In this episode we speak to Chantel Botha, MD and founder of BrandLove, a customer experience design consultancy based in Cape Town. Chantel is passionate about customer experience and sees it as a blend of art, magic and science. We couldn’t agree more.
We talk about the difference that can be made if executives and companies start thinking about the small changes they can make to deliver better customer experiences, and also the difference that can be made by focussing on the return on relationships as opposed to the return on investment made off of customers. When companies own the idea of customer experience, they are more likely to ensure that it is implemented.
We chat about the effect of COVID-19 on the future of customer experience and what the impact of this will be on big brands. Will brands that have empathy during a worldwide pandemic possibly be the ones that come out the other side as winners?
The conversation with Chantel:
Welcome to Great Minds Design Think Alike. Where we investigate design thinking, the challenges, the successes and the problems it solves. If you are unfamiliar with the concept of design thinking, check out episode 1. Be sure to subscribe so you get the newest episode as it’s released. Great minds design think alike is hosted by Stuart McDougall, owner of Tenaka, a leading Design thinking consultancy in Johannesburg, South Africa and is proudly brought to you by Mac media.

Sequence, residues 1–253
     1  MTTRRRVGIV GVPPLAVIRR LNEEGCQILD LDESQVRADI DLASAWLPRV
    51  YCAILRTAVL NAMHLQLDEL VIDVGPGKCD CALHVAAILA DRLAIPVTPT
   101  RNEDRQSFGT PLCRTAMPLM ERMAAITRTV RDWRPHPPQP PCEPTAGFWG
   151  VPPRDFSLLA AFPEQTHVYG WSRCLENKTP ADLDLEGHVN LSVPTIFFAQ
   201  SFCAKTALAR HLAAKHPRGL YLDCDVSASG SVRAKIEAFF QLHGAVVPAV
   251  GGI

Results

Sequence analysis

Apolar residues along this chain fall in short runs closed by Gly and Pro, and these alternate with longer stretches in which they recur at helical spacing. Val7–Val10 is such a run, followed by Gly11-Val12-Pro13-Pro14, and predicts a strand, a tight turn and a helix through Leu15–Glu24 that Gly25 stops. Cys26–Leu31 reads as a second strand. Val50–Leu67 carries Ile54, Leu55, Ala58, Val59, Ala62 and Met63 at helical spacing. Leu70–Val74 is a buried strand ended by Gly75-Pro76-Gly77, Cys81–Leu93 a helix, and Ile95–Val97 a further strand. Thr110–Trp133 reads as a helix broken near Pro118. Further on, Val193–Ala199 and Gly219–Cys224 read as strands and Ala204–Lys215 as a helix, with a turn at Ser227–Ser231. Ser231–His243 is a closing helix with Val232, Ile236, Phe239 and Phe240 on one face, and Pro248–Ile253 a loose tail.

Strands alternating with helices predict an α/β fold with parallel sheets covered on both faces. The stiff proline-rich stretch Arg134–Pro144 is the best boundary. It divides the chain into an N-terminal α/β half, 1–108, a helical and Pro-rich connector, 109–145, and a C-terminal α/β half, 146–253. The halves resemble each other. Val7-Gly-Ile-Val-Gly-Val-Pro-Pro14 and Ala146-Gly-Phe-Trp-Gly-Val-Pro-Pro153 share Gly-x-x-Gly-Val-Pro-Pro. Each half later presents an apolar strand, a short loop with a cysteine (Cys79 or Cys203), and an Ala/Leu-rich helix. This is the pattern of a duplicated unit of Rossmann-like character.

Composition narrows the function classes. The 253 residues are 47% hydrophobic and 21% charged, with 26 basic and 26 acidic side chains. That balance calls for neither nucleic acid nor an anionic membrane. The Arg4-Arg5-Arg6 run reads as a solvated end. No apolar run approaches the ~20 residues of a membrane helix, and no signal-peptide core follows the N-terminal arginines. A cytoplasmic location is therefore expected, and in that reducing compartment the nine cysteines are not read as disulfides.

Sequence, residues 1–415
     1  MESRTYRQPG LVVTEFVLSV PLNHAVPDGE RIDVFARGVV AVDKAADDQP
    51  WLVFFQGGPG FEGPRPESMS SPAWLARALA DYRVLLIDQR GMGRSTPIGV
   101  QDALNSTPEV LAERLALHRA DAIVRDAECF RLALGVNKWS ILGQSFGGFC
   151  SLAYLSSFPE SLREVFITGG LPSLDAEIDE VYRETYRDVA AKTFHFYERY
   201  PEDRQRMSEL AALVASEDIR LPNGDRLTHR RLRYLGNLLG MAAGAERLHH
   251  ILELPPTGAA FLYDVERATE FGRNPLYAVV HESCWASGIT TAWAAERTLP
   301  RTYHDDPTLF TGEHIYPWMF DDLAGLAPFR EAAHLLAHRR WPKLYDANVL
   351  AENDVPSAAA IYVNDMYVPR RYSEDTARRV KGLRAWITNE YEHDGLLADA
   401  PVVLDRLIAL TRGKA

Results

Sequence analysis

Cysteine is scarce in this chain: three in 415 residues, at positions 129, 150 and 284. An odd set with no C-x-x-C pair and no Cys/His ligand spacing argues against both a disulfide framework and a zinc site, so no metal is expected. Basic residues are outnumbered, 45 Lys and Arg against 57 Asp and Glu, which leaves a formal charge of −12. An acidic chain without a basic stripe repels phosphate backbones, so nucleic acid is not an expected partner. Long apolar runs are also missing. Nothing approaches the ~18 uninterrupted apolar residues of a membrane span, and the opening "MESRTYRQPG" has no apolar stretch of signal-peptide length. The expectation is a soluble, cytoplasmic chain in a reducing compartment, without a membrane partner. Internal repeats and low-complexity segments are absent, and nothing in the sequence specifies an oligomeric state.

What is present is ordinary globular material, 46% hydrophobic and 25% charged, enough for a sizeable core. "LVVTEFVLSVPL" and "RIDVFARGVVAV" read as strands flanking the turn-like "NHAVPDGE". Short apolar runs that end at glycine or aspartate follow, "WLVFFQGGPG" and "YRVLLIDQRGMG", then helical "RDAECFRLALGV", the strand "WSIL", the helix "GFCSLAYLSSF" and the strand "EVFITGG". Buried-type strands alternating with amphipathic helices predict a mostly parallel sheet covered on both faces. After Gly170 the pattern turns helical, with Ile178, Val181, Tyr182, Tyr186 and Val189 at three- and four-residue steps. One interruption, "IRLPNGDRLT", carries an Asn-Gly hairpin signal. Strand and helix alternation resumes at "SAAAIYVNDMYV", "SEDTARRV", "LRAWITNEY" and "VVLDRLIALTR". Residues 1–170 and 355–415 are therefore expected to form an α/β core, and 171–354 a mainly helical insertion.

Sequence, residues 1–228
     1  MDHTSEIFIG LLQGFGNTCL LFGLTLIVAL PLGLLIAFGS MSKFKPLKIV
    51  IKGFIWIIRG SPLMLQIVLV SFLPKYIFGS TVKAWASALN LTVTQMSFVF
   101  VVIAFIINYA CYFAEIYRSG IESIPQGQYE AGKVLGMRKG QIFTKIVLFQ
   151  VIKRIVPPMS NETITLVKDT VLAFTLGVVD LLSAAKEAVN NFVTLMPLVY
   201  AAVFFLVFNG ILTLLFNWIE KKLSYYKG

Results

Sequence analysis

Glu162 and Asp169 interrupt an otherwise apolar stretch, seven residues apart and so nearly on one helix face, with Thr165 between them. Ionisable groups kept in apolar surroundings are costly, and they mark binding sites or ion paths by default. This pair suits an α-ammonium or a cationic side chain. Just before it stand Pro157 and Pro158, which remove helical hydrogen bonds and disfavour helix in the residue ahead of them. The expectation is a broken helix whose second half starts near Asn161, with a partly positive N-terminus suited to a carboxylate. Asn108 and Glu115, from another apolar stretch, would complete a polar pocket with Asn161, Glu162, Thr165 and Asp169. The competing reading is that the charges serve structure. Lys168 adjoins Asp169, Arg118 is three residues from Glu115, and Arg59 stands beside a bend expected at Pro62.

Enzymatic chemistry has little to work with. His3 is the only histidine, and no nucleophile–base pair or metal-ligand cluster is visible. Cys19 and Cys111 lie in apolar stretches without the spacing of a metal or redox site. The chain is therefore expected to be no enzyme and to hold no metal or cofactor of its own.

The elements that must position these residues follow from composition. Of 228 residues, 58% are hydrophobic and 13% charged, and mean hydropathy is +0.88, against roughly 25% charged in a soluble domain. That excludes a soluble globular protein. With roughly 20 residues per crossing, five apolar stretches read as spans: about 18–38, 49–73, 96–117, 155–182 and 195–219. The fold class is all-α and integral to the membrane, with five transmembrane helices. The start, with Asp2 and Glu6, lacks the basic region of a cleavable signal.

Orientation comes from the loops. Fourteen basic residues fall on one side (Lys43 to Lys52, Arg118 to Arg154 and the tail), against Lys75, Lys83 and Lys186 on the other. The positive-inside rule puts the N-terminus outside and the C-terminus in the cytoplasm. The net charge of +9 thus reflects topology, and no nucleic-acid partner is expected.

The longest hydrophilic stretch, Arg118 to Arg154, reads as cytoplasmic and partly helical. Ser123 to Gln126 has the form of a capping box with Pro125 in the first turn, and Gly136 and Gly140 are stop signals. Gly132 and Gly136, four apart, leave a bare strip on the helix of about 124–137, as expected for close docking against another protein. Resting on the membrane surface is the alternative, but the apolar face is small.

Welcome to this episode of great minds design think alike. I’m super excited I have got Chantel Botha. She is the CEO and founder of Brand Love. And they are a human centered design consultancy in Johannesburg. And I know that we have similar minds. And I’ll be stalking as Chantel mentioned in our earlier conversation. I have been stalking her. She said she has been stalking me. We do very very similar things. But I think where Chantel comes in is she has got a lot of experience. She has traveled. She has spoken to some really key people around the world. I think it will be awesome if she could share some of that.
Chantel just to start off maybe just give people who haven’t heard about you, might be few. But who hasn’t a little bit about your passion for customer experience, human centered design comes from.